Indiscipline -Music Science Collaboration in performance

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Average User Rating 7.05
Total Reviews 1
Last Reviewed August 20th, 2006
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indiscipline: music-science collaboration in performance
Venue/Date: Charlottesville Pavilion (Charlottesville, VA)
Concert Date:  
April 21st, 2011
Reviewer: ka2u

      Venue Parking  
      Venue Security  
      Opening Band  
      Opening Song  
      Set List  
      Band Connection  
      Band Energy/Intensity/Showmanship  
      ConcertGoer Energy/Intensity  
      Sound Quality  
      Set and Lighting Design (SLD)  
      The Finish/Encore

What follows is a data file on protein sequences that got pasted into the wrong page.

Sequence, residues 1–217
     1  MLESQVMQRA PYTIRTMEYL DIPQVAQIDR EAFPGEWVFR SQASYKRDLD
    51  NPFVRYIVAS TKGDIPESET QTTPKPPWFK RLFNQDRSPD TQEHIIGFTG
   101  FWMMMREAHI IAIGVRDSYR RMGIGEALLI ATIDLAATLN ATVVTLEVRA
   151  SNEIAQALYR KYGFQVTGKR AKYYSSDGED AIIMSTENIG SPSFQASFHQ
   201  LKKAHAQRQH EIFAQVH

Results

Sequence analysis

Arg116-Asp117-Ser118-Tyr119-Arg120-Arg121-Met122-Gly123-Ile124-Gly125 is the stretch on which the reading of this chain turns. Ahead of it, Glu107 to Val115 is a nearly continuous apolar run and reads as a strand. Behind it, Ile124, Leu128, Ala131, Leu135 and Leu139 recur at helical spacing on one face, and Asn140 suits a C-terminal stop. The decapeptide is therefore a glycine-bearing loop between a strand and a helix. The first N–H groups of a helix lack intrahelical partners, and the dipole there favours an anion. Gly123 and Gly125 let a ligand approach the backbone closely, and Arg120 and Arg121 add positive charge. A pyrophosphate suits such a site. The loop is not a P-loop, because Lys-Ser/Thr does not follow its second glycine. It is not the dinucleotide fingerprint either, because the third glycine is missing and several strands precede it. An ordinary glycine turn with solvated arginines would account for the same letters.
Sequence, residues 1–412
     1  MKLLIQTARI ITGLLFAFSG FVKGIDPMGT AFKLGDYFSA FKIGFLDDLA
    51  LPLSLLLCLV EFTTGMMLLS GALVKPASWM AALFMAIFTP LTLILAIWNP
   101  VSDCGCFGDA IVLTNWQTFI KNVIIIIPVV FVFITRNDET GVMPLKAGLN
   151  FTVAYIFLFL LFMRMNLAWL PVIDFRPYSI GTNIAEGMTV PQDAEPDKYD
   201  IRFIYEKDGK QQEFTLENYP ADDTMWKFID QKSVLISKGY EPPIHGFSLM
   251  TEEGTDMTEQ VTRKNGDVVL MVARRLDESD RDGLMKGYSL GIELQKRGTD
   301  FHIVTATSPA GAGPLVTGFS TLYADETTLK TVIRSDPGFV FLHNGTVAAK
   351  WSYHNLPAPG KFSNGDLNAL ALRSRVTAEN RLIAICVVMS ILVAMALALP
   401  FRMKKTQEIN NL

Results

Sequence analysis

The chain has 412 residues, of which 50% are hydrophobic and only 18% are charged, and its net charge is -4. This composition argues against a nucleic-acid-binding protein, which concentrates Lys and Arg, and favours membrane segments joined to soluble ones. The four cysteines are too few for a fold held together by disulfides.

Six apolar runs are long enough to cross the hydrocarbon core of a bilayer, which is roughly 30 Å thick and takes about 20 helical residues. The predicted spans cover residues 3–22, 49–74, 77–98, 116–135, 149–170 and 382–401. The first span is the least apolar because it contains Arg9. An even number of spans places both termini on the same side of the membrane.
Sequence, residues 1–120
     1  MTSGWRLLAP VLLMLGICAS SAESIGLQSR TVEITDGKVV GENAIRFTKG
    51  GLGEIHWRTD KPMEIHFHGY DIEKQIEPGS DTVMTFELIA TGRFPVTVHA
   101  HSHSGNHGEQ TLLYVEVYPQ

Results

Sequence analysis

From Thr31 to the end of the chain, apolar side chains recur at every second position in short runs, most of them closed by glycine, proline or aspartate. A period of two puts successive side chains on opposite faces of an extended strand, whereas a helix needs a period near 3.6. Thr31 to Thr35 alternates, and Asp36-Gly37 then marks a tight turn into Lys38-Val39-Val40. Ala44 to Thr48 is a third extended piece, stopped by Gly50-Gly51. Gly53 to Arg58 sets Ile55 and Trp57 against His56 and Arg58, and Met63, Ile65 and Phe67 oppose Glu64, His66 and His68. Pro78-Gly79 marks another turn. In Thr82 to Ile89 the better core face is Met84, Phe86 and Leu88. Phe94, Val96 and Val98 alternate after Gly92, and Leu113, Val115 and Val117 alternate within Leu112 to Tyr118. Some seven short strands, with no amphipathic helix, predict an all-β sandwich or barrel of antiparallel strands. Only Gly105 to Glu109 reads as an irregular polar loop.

"Indiscipline", on April 21st 2011 at The Haven was an interesting concert, with a high correlation to our technosonics class, MUSIC 2350. It was a great evening with electroacoustic sounds. The two pieces I liked the most were "Lullaby for Newborn Stars" and "North Fork Dry Run in Shaver Hollow. Shenandoah National Park. Winter 2011". The first piece is introduced by a clarinet, while the background noise kept getting louder and louder. Then suddenly the clarinet paused for a second, and then the background noise stopped as the clarinet got louder and faster. There were numerous fluctuations in the speed and loudness of both the clarinet and the background noise. At the end, the clarinet had a solo with the background noise creating sort of a beat. It was easy to relate the topic of the piece to the sounds, especially the background electronic portion of the piece was making it more dynamic through its pitch changes. The second piece, was more interesting for me not only to listen to but also to watch. There was something that resembled a xylophone and drums. The performer was holding two sticks in each hand was playing through all the instruments. The way she was playing the instruments was impressive. There was a variety of pitches during the piece, in combination with reverb and echo; the higher the pitch, the longer was the hold. There was also a background computerized rain noise that kept getting louder and louder. Finally there were female vocals added after the first half of the piece. Both pieces of music, and the concert in general reminded me of pieces we listened to during the course of the class, Music 2350, especially the pieces for the first quiz and a few from the second quiz, where it was mostly electronic sounds and beats composing the music, with minimal instrumental participation. It was also easy to notice the effects used on the pieces, such as the pauses, the echo some instruments made, some were like soudnscapes etc. Also, one of the first composers was Sarah O'Halloran, and it was good to have heard her work before working with her for the Digitalis concert. I think it is important that this kind of music is still produced, because it keeps the initial form of technosonics "alive". As we have learned in our Music class, technosonics has evolved and is changing through the years, with today's pieces sounding completely different from the initial ones (that is evident if one compares the listening of the first quiz to that of the third one), thus is crucial to have some composers keep making music based on older pieces, since it is part of the music history and culture.

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